Journalists flunk online security 101
San Francisco (CA) - A recent survey commissioned by AVG found that 80 percent of media staff "rarely or never" informed their network administrator of online security concerns. In addition, more than half refused to change their passwords, even though 13 percent experienced critical data loss or system failure due to hostile malware.
"It is disconcerting to see what in concept is a very informed audience knowingly rolling the dice when it comes to staying secure on line – it is an important indicator of the practices of the general consumers," explained Siobhan MacDermott, head of global communications and investor relations with AVG. "If the informed press is exposed, then even more so is the home user that is not as savvy at detecting or protecting against the latest scam."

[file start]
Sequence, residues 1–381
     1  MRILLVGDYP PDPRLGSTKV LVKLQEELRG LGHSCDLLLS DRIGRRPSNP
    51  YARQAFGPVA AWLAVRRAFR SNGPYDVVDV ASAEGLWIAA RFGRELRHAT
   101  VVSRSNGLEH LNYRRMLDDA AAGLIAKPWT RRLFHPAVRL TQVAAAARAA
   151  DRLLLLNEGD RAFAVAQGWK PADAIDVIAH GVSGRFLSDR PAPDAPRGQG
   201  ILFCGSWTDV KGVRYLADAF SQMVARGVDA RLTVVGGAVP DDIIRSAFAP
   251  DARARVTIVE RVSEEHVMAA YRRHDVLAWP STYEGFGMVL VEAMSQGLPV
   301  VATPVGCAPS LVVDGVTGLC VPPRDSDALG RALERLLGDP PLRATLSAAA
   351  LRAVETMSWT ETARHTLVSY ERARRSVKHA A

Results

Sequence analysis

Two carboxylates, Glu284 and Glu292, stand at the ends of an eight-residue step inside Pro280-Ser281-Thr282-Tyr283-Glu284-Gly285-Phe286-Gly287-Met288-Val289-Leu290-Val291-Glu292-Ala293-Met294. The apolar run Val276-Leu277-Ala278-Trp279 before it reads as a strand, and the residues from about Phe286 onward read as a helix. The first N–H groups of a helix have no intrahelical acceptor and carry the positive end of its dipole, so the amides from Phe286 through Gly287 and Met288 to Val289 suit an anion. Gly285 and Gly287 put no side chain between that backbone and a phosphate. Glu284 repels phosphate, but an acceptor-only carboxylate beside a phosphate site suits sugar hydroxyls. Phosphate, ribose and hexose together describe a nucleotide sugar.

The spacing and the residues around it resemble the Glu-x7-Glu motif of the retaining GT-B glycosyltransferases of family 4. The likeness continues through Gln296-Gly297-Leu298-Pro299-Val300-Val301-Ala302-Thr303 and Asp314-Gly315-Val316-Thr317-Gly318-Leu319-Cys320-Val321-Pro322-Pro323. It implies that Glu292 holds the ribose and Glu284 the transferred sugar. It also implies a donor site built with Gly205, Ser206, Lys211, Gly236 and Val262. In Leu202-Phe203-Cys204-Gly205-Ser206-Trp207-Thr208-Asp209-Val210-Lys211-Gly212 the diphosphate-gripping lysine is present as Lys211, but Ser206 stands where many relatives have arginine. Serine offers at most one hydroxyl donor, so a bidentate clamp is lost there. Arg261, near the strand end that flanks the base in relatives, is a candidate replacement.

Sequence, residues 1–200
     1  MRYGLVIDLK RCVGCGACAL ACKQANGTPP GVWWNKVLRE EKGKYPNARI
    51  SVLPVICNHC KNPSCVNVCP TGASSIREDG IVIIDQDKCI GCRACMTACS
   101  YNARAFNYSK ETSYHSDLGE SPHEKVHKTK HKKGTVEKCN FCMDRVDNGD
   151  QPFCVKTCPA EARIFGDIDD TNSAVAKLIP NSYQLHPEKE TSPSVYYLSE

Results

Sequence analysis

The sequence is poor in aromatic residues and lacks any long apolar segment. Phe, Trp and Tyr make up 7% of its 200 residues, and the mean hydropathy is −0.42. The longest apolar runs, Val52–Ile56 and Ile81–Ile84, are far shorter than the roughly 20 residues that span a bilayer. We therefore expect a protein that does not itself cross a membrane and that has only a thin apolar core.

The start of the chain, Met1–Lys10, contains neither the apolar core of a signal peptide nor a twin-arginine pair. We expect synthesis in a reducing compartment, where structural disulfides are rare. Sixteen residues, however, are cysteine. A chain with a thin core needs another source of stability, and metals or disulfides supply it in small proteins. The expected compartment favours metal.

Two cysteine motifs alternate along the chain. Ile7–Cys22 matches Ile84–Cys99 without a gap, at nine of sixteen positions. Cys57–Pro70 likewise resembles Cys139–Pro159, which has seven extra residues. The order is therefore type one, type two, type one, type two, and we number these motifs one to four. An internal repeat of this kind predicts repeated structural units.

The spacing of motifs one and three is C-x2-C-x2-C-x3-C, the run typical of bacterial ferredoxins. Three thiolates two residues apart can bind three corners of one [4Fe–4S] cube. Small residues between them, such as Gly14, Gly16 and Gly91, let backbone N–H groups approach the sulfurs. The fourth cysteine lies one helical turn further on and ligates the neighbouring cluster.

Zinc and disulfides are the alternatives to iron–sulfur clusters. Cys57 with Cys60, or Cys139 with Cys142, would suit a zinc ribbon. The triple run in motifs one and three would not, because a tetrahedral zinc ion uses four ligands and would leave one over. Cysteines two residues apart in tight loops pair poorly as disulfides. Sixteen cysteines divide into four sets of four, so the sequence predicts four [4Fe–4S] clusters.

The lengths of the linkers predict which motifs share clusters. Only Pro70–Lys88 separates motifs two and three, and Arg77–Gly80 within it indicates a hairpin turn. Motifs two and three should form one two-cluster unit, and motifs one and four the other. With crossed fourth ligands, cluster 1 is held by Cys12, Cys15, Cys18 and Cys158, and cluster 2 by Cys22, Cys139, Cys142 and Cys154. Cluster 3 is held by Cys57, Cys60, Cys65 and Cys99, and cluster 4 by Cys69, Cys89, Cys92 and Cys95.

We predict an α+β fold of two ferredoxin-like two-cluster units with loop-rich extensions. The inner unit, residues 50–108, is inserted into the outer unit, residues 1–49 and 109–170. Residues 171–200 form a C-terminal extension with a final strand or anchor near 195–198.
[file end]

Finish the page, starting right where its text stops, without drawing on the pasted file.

According to MacDermott, nearly 70 percent of press reporters and editors felt threatened by online malware or spyware and most expressed concern over conducting everyday online activities as part of their business. MacDermott also noted that while 57 percent of the reporters surveyed considered themselves advanced or expert at detecting online risks, the majority failed to follow basic security practices.
"As governments continue to fight against cybercrime and cyberterrorism, users that knowingly take risks and fail to secure their systems make the community more vulnerable," said MacDermott. "The value of the research is not that it exposes journalists, but rather it gives us great insight to how our more knowledgeable users are, or are not, protecting themselves. This tells the security community that we have a great deal of work to do as users are not doing many of the basics."